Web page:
Insights Article | March 7, 2023
Where Does Private Credit Fit in Your Portfolio Strategy?
As the Feds continue to inch interest rates to quell inflation, it’s no surprise that many economists predict another year of continued market volatility on the horizon in 2023. In a recent poll, Reuters found that economists also increased the probability of a recession within two years to 70% from 63% previously.
When markets are unstable, private credit strategies offer an attractive way to diversify your portfolio independent from the ups and downs of the stock and bond markets. In fact, this portfolio alternative can offer greater protection through all market cycles.
“We believe that private credit is essential to buffer portfolios not only when markets are volatile but through all market terrain,” says Don Pelgrim, CEO and Fund Manager with Wilshire Finance Partners. “It gives investors access to non-traditional investments to help balance risk exposure and expand fixed income opportunities to help generate stable returns.”
While private credit is gaining ground with investors, it remains a relatively new investment strategy and can often be misunderstood.
At the core, private credit is about providing capital solutions for transactions that show strong underlying value yet may not check all the boxes to qualify for traditional capital providers or which require more speed and certainty of execution than traditional sources can provide.
Broadly speaking, private credit investments can take on many forms. They can include direct corporate or consumer lending, venture debt, leveraged loans, infrastructure investments, etc. They can also include various types of real estate-based credit strategies.
Since 2008, Wilshire Finance Partners has invested in real estate based, fixed income private credit investments through short-term bridge loans, primarily in seniors housing, healthcare, multifamily, and commercial properties.
“The key difference between all private credit strategies and a real estate based private credit strategy is that the loan is backed by a hard asset—real estate,” Pelgrim explains. “However, it is not like direct real estate ownership. In our flagship WFP Income Fund, loans are made at lower loan-to-values (LTVs)—typically around 65%—meaning that the equity of the borrower and any subordinated financing on the property becomes a cushion or a buffer against potential loss for the Fund.”
“For example, if property values decline 15% in an economic downturn, there is an equity cushion to help safeguard the principal investments in the fund because the value of the collateral securing the loan exceeds the value of the loan,” Pelgrim adds.
With a background in real estate law and banking, CEO and Fund Manager Don Pelgrim looks for deals that typically fall just outside the parameters of a traditional lender or which have some level of complexity.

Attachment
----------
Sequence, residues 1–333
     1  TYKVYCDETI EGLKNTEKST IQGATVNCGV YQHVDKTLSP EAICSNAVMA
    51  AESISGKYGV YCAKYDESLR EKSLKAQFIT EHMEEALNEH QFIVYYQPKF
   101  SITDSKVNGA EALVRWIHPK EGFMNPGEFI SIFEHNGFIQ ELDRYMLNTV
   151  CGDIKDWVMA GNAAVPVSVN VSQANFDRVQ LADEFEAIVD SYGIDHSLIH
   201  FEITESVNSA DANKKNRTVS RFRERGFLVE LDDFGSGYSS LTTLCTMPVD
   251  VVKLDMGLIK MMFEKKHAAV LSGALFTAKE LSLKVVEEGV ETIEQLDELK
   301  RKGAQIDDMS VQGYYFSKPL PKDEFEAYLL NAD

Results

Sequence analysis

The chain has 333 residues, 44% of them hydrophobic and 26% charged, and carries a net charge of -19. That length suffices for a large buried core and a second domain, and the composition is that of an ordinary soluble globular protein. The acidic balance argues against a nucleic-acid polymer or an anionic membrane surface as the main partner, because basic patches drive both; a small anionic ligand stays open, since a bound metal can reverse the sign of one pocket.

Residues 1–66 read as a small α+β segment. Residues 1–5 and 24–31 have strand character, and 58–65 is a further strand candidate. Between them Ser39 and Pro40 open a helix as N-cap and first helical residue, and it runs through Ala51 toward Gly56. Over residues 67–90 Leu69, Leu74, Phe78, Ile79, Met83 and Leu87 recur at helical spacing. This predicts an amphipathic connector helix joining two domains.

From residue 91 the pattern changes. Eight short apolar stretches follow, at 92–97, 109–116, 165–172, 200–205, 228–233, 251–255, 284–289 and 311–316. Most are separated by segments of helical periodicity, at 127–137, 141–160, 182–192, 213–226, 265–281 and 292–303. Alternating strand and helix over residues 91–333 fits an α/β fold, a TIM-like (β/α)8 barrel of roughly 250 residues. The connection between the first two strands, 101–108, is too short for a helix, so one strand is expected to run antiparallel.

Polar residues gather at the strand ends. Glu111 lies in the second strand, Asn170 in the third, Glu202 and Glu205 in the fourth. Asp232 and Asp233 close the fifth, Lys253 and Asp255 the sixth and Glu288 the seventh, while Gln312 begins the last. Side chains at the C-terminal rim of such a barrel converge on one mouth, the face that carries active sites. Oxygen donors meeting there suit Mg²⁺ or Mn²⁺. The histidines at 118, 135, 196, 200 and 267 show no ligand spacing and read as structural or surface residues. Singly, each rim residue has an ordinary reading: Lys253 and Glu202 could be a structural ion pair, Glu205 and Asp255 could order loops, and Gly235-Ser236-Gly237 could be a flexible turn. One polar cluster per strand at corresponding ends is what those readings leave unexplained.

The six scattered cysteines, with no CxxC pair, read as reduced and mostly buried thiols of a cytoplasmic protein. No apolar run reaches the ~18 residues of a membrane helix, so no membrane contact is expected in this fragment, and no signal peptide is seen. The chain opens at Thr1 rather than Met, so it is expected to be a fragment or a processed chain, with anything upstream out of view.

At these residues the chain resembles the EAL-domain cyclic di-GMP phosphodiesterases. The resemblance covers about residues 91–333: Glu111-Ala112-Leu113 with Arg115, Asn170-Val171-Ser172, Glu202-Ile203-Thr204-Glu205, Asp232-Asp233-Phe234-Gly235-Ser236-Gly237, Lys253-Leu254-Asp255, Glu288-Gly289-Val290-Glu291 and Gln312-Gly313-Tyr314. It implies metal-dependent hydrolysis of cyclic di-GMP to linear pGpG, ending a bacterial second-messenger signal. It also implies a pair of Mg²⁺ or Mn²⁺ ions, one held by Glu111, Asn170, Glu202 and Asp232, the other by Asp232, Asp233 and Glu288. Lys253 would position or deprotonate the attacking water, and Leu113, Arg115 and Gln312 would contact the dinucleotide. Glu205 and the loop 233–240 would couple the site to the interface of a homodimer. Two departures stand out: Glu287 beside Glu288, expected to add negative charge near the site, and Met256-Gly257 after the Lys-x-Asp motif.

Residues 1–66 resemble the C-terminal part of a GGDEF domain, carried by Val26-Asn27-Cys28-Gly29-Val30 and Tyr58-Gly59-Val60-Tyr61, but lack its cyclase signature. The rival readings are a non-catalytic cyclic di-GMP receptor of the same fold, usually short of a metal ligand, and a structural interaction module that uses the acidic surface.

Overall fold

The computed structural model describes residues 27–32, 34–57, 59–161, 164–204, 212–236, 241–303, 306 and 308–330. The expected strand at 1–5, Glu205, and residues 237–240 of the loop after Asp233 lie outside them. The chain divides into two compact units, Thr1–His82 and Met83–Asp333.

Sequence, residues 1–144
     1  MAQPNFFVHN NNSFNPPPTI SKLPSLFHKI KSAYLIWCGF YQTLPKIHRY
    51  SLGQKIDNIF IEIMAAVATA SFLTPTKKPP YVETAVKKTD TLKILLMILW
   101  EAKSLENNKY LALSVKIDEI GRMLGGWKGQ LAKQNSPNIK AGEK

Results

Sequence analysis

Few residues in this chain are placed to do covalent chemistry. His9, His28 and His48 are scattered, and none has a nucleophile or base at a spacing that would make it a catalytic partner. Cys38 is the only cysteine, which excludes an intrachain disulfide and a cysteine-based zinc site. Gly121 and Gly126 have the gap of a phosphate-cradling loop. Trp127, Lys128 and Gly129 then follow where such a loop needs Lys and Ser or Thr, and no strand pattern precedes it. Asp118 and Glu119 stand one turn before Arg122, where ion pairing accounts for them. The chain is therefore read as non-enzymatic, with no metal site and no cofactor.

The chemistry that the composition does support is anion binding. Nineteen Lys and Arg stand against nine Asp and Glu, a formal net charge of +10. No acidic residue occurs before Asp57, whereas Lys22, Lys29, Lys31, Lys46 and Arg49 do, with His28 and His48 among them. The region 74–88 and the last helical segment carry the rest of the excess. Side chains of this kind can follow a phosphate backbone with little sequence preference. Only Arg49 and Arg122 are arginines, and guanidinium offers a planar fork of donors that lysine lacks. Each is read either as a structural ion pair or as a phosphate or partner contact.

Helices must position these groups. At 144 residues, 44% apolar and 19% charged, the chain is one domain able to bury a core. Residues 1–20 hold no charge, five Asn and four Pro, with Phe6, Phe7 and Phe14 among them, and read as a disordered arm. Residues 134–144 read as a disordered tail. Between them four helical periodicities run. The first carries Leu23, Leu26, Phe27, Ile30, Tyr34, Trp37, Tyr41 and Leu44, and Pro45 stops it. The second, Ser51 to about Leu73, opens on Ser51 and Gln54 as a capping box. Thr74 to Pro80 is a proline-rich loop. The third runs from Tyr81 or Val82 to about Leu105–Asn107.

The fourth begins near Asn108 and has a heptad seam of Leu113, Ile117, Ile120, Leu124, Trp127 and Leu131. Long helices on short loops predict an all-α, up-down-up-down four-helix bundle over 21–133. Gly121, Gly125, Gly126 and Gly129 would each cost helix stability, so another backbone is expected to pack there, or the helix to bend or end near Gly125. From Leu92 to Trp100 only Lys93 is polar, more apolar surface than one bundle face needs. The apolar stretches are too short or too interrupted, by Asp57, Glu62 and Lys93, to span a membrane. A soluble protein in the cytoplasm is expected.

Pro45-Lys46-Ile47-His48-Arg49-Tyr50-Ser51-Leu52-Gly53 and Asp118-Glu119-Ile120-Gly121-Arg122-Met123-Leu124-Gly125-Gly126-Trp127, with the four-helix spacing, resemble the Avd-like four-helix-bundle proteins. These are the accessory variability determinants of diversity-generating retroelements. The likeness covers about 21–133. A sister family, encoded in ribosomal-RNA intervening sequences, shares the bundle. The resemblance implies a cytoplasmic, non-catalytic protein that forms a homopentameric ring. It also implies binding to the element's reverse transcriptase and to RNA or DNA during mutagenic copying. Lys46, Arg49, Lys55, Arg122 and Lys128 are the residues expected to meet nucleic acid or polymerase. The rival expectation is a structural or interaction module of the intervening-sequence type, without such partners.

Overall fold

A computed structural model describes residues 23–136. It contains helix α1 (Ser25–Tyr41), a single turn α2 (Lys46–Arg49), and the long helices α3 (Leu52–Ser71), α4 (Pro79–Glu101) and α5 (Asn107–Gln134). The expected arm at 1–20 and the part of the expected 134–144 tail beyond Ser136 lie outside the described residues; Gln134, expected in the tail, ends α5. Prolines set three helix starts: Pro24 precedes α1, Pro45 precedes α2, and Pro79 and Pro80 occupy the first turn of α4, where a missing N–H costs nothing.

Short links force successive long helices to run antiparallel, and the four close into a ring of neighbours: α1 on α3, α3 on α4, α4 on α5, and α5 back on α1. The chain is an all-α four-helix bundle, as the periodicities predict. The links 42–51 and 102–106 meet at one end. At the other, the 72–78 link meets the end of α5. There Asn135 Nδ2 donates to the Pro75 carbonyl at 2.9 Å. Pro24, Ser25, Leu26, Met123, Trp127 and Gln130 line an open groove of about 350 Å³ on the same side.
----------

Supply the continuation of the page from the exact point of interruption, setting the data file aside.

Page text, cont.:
For example, it could be lending to an experienced operator with turnaround experience looking to purchase an underperforming or mismanaged assisted living facility.
“Because of the prior performance of the property, many traditional lenders may not consider or be prohibited against on the transaction. However, in private lending, understanding the value and potential of the underlying collateral and being able to conservatively underwrite some degree of risk takes a certain level of specialization,” Pelgrim says. “For example, an experienced operator with in-market turnaround experience and a successful history of transforming seniors housing facilities for the better sees an opportunity to acquire a facility at a very attractive cost basis. That operator is contributing his own cash to the equation and is also looking for a creative capital partner to provide the balance of capital needed.”
In this situation, Wilshire would be open to providing a short-term bridge loan on the property because of the background, experience and track record of the borrower and the potential of the opportunity.
Private credit has filled a gap in the real estate market by providing short-term bridge loans with greater speed, flexibility, and efficiency.
“It’s really a win for all involved. We generate stable returns with downside protection for our investors by lending on a strategic acquisition and filling a capital need in the market. The new property owner increases the value of the property, and the residents benefit from a nicer, well-run facility.”
While some private credit strategies involve pursuing the highest yield, Wilshire’s approach is more balanced. A conservative investment approach and risk-mitigation strategies are the cornerstone to investor appeal.
In a well-diversified portfolio, a private credit strategy like Wilshire’s would fit in the middle of the investment risk pyramid, positioned as an alternative to other short term fixed income investments like corporate bonds.
Because the WFP Income Fund is not correlated to the stock and bond markets and has little to no sensitivity to interest rates, a lower-risk strategy that helps balance and diversify investment portfolios.
Private credit strategies are making their way into the mainstream as investors seek refuge from equity markets, and private lenders like Wilshire are stepping up to the plate to meet demand.
However, all private credit strategies and investment structures are not the same. Facing market headwinds in 2023 and beyond requires a modern approach to portfolio allocation which, for many, includes alternative investments like real-estate based private credit.